The campaign stop

It was not intended to become a news story. Michele Bachmann’s campaign stop in Sibley, Iowa, last Friday was just going to be a curious thing to watch with Aaron Hagen, the Daily Globe’s community content coordinator. He was going to take a video and I was going to do something on my day off besides play video games. But when I woke up that day, I decided to write something up on it since I was going to be there anyway and my boss, Ryan McGaughey, asked me if I could. Why not? If I’m going to something like this, certainly I could make a story out of it.
As Aaron and I entered the Pizza Ranch in Sibley, we met the manager, a nice man who told us he was a little surprised when he came into work that day. Apparently no one had told him Bachmann was going to be in his establishment until earlier in the day. The reason was that the person who took the reservation apparently didn’t know who Bachmann was or hadn’t thought it was going to be the “Bachmann.”
As we stood around talking to various people on her staff about this and that, a lot of people began to gather at the restaurant. They were nice people, eager to see the candidate in person. Once again, being from St. Cloud, Bachmann visits were not foreign to me, but this was different. This time she was running for president. That’s a pretty big deal compared to campaigning to be my district representative.
Suddenly, the outside bursted with excitement. A giant blue bus playing Johnny Cash’s “I’ve Been Everywhere” from loudspeakers rolled up to the place. Aaron got his video camera angle set and taped her coming off the bus as I shot photos. Well, I thought, my first presidential campaign coverage and it’s someone I’ve seen and heard speak before. That was a surreal thing to experience.
I was a little surprised by Bachmann, though. She was a ball of energy zipping in the crowd, shaking hands and signing autographs. She was, perhaps, the happiest person I’d ever seen that day. All smiles and laughter and so forth. The reason I was put off by this was that she was visiting 99 counties in 10 days and that level of energy could not, in my opinion, last those many hours and days.
As she spoke, I was taking notes, photos and angling my tape recorder to catch everything she said. Nobody seemed to notice me bouncing around like some weirdo taking scrambled notes and snapping pictures. A lot of people were doing the same thing. I’d never been to an event where one could not tell who was media or who was just documenting the event for their own reasons. At one point, I thought it was all media there taping and photographing Bachmann, because that’s what it sure looked like.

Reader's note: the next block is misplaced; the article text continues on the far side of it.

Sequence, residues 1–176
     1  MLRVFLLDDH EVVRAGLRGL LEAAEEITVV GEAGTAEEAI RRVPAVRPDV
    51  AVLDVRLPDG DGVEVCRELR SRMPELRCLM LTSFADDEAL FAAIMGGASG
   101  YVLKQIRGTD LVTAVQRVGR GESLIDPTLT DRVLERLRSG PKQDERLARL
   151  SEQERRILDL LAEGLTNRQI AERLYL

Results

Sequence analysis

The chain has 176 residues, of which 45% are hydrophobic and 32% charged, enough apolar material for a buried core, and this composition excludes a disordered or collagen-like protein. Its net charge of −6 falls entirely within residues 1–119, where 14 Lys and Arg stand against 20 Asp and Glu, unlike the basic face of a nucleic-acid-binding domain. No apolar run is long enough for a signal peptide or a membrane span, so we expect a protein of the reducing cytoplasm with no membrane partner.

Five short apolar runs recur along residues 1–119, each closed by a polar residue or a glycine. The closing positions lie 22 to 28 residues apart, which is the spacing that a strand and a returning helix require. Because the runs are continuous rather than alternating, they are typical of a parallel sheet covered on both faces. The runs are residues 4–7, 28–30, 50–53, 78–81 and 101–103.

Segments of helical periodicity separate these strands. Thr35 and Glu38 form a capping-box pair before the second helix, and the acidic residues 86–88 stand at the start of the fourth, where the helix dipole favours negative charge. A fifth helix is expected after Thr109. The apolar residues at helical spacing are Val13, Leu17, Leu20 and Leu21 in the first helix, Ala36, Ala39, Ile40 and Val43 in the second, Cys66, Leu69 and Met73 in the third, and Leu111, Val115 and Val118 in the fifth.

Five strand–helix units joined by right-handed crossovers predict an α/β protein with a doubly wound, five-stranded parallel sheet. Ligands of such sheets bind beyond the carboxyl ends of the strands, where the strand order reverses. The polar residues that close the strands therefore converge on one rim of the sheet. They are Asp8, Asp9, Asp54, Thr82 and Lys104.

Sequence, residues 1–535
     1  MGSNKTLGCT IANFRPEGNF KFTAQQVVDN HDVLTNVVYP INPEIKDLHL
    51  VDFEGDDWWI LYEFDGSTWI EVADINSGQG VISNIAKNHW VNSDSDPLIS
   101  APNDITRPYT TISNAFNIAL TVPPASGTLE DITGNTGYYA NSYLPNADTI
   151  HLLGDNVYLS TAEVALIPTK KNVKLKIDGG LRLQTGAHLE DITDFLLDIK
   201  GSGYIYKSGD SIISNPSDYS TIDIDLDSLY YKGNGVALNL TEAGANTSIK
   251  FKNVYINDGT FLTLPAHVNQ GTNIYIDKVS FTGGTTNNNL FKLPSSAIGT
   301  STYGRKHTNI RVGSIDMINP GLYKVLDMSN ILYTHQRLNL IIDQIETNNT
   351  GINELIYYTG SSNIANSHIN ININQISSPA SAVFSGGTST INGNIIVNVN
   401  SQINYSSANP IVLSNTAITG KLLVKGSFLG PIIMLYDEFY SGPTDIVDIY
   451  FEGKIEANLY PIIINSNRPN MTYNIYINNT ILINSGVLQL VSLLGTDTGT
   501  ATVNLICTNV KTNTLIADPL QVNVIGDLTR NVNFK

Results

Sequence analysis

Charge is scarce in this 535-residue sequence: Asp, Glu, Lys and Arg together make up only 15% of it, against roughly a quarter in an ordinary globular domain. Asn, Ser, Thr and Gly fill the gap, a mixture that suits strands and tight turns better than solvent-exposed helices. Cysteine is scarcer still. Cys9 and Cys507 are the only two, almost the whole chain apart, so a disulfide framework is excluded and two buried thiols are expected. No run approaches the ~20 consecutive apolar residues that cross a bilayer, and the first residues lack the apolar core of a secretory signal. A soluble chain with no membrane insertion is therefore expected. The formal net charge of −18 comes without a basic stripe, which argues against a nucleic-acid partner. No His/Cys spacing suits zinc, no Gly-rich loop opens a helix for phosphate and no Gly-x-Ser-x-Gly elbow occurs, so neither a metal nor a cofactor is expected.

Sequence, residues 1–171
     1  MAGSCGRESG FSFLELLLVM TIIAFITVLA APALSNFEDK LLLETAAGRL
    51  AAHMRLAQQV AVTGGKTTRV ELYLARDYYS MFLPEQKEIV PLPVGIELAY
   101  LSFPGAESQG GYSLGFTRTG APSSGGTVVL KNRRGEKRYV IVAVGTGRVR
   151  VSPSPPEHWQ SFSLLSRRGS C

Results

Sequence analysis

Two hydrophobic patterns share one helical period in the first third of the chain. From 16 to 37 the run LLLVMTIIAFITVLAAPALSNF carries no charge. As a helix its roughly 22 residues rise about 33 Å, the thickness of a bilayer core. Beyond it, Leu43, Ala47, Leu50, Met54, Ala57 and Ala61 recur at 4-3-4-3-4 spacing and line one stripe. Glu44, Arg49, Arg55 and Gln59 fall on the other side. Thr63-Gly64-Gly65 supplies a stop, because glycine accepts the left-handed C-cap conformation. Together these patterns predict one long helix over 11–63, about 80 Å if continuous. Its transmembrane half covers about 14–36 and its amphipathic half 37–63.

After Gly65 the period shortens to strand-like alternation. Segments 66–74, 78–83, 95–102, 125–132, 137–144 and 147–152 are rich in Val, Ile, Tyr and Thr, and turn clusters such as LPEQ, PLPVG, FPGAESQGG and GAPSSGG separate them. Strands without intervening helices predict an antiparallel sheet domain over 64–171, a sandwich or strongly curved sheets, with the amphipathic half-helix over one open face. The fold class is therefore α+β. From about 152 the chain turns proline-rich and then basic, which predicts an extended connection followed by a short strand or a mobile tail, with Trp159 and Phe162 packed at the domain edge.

During the middle of her speech, I looked at my tape recorder and saw the battery had died! It was one of those moments of panic. My heart began racing and my notes were brief. I take notes to mark what I think is important for the story as I listen back to my recordings. Then I calmed down when I remembered Aaron had this all on tape. I would use his video as my defacto tape recorder.
After her speech, one of her aides had to cut her off because they were already behind schedule. Bachmann kind of shrugged him off and decided to walk around, shake hands and pose for photos by a Christmas tree. Like visiting a political Santa Claus. I’m sure some of those photos became Christmas cards for some people. It would have been a Christmas card for myself if I got a photo of me with someone running for president. Alas, that didn’t happen.
Then the candidate, her family and staff boarded the bus. She waved at the crowd and the door closed. Unfortunately, her husband Marcus, came running out of nowhere and began hitting the bus door. After a few weird moments of silence, the door opened and he was let on the bus.
I enjoyed covering this. It was all high energy, fast pace rushing around. It was almost fun, in an odd way. I can’t explain why, but it was.

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